Whose Insurance Pays for Car Accident in Florida? Find Out

June 13, 2024

Car accidents can be financially draining, especially if they occur through no fault of your own. In Florida, navigating the complexities of auto repair costs involves understanding no-fault insurance laws, policy limits, and potential additional avenues for expense recovery.

Overview of Florida's No-Fault Car Insurance Laws

Florida operates under no-fault insurance laws, meaning each driver’s insurance covers their own medical bills and car repair costs, up to a certain limit, regardless of who caused the accident. According to Florida Statutes § 627.736, drivers must carry Personal Injury Protection (PIP) and property damage coverage with limits up to $10,000. This coverage handles immediate expenses resulting from the accident.

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Handling Expenses Beyond Policy Limits

Exceeding Coverage

If the damages exceed the $10,000 coverage limit, drivers may need additional avenues to cover the remaining expenses. This can include pursuing claims against the at-fault driver.

Reimbursement for Deductibles

Payment of deductibles, which typically range from $250 to $2500, might be necessary before repairs. This can seem unfair if the accident wasn’t your fault. You may be able to file a claim or lawsuit against the at-fault driver to recover the deductible and any other costs exceeding your policy's coverage.

Filing a Claim with Your Insurance

Prompt Reporting

Inform your insurance company quickly to avoid claim denial. They will guide you through the claims process and, if applicable, may provide a rental car while waiting for your vehicle to be repaired. If your claim is denied, legal assistance can help contest the decision.

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Identifying Other Liable Parties

Additional Insurance Coverage

Evaluate if other policies you hold, like underinsured or uninsured motorist coverage, could help pay for the damages. The at-fault driver’s insurer may cover repair costs exceeding $10,000 as well as other damages. Potential coverage includes past and future medical expenses, lost wages, pain and suffering, diminished earning potential, disfigurement, mental anguish, and wrongful death damages if applicable.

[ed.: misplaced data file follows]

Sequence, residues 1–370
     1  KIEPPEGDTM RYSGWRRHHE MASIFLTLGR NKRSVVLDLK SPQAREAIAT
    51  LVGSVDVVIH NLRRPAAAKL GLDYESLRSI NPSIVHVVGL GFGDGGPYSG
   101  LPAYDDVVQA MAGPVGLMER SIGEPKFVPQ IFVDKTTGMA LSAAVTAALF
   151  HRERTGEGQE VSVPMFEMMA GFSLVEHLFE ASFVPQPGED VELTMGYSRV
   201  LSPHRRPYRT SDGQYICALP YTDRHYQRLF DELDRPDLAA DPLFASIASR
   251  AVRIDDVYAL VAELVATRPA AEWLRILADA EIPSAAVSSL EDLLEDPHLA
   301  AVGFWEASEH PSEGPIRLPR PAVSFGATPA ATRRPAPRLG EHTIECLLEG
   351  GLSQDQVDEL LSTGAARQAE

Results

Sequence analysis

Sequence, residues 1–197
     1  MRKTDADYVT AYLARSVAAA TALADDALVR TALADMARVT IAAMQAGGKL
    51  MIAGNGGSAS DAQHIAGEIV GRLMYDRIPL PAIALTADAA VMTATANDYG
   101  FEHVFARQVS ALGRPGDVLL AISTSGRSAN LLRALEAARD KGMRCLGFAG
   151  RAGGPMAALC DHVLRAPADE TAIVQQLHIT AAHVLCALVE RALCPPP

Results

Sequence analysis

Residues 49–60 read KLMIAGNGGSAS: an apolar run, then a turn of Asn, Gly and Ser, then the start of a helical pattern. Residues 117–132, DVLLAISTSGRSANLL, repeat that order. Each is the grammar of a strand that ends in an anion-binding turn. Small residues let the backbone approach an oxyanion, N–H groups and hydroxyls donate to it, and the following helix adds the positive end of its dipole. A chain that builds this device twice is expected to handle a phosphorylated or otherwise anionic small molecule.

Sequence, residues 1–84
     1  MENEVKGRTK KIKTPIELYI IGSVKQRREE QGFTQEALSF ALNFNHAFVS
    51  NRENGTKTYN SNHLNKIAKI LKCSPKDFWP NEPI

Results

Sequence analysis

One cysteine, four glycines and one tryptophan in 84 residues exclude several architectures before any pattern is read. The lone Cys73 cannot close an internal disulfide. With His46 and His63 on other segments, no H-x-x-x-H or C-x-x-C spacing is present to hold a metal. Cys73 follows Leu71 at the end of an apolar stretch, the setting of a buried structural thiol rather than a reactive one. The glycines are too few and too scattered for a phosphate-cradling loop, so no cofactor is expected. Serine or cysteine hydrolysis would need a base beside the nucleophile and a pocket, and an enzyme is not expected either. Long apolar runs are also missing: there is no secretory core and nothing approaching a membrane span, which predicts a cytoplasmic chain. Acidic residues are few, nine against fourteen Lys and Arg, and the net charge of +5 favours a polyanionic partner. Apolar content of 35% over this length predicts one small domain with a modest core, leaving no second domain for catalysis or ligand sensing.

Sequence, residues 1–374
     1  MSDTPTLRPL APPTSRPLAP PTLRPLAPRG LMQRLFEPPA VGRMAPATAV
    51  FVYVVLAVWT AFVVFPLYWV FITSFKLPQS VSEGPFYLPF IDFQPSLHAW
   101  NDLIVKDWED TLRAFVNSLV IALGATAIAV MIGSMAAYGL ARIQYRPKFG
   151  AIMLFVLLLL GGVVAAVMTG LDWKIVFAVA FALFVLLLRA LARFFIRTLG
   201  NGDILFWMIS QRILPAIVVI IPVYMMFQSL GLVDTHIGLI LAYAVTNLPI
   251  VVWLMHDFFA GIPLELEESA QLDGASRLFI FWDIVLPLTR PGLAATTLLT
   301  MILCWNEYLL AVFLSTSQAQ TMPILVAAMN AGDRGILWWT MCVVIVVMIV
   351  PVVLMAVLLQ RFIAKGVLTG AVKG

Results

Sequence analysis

Liability of Third Parties

Other parties might be liable, such as government entities for road maintenance failures, mechanics for repair errors, and parts manufacturers for defective parts. To establish liability, gather evidence such as crash reports, traffic camera footage, photos, witness statements, and medical records.

Legal Deadlines

Claim Deadlines

Each insurance company has its own deadlines for claim submissions. Under Florida Statutes § 95.11, personal injury and wrongful death claims generally have a two-year filing period. Shorter time frames might apply when suing government entities.

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Seeking Legal Assistance

Professional Guidance

If you're struggling with the claims process, legal help is available. Contacting firms such as Chalik & Chalik Injury Lawyers can provide the support you need to navigate the complexities of auto repair costs and ensure fair compensation.

Being informed about Florida's no-fault insurance system and understanding your rights and responsibilities can significantly impact your ability to recover funds after an accident. Taking prompt action in filing claims and seeking legal support will help protect your interests in the aftermath of an accident.

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